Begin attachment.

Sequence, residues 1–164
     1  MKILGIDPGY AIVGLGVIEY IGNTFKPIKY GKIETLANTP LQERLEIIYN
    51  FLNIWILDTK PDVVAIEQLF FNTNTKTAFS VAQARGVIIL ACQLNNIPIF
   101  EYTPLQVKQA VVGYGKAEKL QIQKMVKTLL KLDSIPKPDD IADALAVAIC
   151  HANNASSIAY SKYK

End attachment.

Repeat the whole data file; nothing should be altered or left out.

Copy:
Sequence, residues 1–164
     1  MKILGIDPGY AIVGLGVIEY IGNTFKPIKY GKIETLANTP LQERLEIIYN
    51  FLNIWILDTK PDVVAIEQLF FNTNTKTAFS VAQARGVIIL ACQLNNIPIF
   101  EYTPLQVKQA VVGYGKAEKL QIQKMVKTLL KLDSIPKPDD IADALAVAIC
   151  HANNASSIAY SKYK